|Cathedral Church of St. Woolos, King & Confessor|
St Woolos Cathedral south face
|Denomination||Church in Wales|
|Website||Newport Cathedral website|
|Events||Rebuilt 9th century|
Extended 12th, 15th and 20th centuries
|Past bishop(s)|| Rowan Williams |
|Associated people||Prince Richard, Duke of Gloucester|
|Heritage designation||Class I listed|
|Diocese||Diocese of Monmouth|
Newport Cathedral (Welsh : Eglwys Gadeiriol Casnewydd), also known as St Woolos Cathedral, is the cathedral of the Diocese of Monmouth, in the Church in Wales, and seat of the Bishop of Monmouth. Located in the city of Newport in South East Wales, its full title is Newport Cathedral of St. Woolos, King & Confessor.
The name "Woolos" is an English corruption of Gwynllyw, the 5th-century Welsh saint who first founded a religious establishment on the site.
An early wooden church is known to have stood on the site from sometime during the Welsh Age of the Saints. This was rebuilt in stone in the 9th century indicating the importance of the cult of Saint Gwynllyw and the wealth of the shrine, as stone buildings from this period are very rare. Sections of the present building date from Early Medieval times and part of this stone building is now incorporated into the present building as the Galilee chapel located at the western end of the Cathedral.
A pirate attack circa 1050 left the structure in ruins.
In about 1080 the Normans built a new nave to the east of the Saxon ruins, and a lean-to south aisle, building a new entrance archway through the Saxon wall. Circa 1200 the Saxon church was repaired so the Norman entrance became an internal archway.
It was badly damaged in 1402 when Newport was attacked by the forces of Owain Glyndŵr and underwent a major rebuilding including the addition of the tower.
It also seems to have been damaged in the English Civil War period when a statue above the main entrance representing a benefactor of the church seems to have lost its head. It is either Jasper Tudor, the Earl of Pembroke, or Humphrey Stafford, 1st Duke of Buckingham as both helped rebuild it after Glyndwr's attack.
The cathedral has been partially rebuilt or extended in every period up to the 1960s, and is currently undergoing much-needed repairs. An appeal fund was started in 2006 to raise the £1.5m needed to rescue and repair the building, and is still ongoing. Repairs to the roof started in February 2011 by Newport-based contractor Instaat Projects Ltd, although further fundraising is necessary and other restoration is required to prevent serious dilapidation.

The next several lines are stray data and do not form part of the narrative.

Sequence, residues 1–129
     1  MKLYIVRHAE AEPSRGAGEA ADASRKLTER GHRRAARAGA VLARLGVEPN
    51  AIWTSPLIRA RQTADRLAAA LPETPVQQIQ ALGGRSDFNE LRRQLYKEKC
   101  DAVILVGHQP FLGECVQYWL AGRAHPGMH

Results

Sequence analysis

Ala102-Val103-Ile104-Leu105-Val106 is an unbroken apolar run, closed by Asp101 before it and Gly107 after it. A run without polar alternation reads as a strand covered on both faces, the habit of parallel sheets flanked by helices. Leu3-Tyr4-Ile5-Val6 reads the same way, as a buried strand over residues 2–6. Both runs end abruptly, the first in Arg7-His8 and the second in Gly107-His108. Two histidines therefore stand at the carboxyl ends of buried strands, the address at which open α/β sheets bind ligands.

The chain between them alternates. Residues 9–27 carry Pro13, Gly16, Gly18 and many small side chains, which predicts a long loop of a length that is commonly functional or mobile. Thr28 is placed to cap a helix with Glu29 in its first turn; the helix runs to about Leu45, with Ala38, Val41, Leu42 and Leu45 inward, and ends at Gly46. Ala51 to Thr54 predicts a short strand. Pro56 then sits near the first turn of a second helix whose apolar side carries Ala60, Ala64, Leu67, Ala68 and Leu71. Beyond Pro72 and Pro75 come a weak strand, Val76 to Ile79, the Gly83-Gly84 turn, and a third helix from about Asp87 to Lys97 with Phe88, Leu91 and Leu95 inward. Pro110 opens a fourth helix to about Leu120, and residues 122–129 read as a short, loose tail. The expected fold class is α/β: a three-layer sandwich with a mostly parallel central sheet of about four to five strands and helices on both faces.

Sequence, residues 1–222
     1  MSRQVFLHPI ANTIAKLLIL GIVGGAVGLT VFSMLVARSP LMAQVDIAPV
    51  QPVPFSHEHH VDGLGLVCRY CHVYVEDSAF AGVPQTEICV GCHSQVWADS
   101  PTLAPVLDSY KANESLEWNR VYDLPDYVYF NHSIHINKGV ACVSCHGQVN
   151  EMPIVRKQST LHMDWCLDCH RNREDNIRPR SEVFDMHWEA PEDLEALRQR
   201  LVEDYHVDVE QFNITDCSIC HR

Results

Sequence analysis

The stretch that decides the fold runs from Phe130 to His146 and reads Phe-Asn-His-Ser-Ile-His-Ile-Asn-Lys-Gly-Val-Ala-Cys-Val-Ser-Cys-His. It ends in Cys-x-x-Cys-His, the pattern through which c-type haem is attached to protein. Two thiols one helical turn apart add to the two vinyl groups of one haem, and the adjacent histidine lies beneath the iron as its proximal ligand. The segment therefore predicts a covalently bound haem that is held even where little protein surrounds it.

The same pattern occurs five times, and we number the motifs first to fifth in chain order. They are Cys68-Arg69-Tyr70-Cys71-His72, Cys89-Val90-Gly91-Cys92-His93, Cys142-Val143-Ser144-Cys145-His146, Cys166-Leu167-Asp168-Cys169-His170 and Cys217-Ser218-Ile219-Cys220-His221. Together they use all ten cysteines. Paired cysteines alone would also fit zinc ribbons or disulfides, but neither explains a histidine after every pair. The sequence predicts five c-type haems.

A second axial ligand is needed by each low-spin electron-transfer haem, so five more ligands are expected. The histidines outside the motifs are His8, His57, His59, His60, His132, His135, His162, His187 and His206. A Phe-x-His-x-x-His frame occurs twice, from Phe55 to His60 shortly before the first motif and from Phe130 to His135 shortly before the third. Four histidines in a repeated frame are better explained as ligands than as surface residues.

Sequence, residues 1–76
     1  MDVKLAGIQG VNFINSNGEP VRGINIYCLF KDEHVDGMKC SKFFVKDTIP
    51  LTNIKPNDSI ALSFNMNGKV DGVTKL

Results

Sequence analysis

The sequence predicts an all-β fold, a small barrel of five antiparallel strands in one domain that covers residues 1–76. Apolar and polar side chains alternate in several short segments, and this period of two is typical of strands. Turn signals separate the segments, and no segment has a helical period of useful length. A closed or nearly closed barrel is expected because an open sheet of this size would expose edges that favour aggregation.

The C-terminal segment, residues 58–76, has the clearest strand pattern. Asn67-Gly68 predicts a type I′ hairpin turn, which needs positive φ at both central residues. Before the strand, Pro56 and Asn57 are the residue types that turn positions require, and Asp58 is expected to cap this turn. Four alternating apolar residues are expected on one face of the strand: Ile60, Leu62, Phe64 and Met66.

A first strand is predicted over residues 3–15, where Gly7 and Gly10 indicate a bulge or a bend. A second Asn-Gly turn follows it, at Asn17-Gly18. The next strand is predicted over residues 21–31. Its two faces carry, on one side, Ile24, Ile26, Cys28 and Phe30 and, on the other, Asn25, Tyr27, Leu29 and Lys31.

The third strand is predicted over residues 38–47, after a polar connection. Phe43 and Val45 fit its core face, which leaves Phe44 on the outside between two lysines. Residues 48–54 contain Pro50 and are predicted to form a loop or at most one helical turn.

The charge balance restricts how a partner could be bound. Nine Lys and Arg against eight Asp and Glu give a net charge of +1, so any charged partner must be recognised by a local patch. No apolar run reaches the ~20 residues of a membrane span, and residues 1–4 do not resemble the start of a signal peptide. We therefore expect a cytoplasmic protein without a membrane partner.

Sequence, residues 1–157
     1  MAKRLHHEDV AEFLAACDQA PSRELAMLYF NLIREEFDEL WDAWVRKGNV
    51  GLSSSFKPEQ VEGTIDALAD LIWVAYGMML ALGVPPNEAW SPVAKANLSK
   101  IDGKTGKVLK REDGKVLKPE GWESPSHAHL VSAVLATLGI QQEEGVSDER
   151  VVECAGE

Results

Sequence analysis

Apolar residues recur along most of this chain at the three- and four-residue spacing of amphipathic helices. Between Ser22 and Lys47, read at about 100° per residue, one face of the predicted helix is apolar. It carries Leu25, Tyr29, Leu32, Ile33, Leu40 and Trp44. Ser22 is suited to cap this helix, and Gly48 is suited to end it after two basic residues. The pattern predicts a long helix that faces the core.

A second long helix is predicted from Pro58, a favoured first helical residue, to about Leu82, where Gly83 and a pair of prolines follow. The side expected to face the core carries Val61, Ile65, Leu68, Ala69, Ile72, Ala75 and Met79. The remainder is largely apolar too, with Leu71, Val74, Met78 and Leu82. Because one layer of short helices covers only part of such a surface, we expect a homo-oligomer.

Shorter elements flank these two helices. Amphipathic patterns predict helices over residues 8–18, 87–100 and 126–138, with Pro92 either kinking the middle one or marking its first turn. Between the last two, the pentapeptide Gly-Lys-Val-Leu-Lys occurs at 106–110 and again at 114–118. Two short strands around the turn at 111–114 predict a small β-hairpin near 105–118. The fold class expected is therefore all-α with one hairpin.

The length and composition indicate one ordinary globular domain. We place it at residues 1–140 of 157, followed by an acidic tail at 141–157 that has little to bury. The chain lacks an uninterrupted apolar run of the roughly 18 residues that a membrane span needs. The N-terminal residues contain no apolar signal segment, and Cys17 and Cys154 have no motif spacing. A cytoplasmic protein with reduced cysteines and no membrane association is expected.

In 1929 St Woolos became the pro-cathedral of the new Diocese of Monmouth, attaining full cathedral status in 1949.
With the enthronement of Rowan Williams as Archbishop of Wales in February 2000, the cathedral became the Metropolitan Cathedral for Wales for the third time in its life. The cathedral continues to serve Wales, the diocese and the City of Newport; it also serves a large parish.
It is also a place of pilgrimage for political and industrial historians – a plaque in the churchyard commemorates the bloody suppression of the Chartist rebellion here in 1839.
The Dean of Monmouth between March 1997 and May 2011 was Richard Fenwick. In May 2011 he was consecrated as Bishop of St Helena. The Diocese covers the islands of Saint Helena and Ascension in the South Atlantic Ocean.
The Reverend Canon Jeremy Winston was installed as Dean of Monmouth on 10 September 2011, but died from a brain tumour on 22 November 2011.On 13 January 2012 it was announced that his successor was to be the Reverend Lister Tonge. He was installed on 31 March 2012.
Situated in the cathedral is the cathedra or seat of the Bishop of Monmouth. The current bishop is the Right Reverend Cherry Vann, enthroned on 1 February 2020.
A specification of the organ can be found on the National Pipe Organ Register.The current Organist and Choirmaster is Dr. Emma Gibbins, who has been in post since 2015. The current assistant organist is Jeremy Blasby, appointed in 2010. The choir is made up of 16 boys and 12 men, with supernumerary men and boys participating in services at various times.
The Diocese of Monmouth is a diocese of the Church in Wales. Despite the name, its cathedral is located not in Monmouth but in Newport — the Cathedral Church of St Woolos. Reasons for not choosing the title of Newport included the existence of a Catholic Bishop of Newport until 1916. This apparent anomaly arose in 1921 when the diocese was created with no location for the cathedral yet chosen. Various options were being considered, such as restoring Tintern Abbey, building from scratch on Ridgeway Hill in Newport, and upgrading St Woolos, then a parish church; in the meantime the new diocese, as it covers more or less the territory of the county of Monmouth, was named the "Diocese of Monmouth". Prior to 1921 the area had been the archdeaconry of Monmouth.
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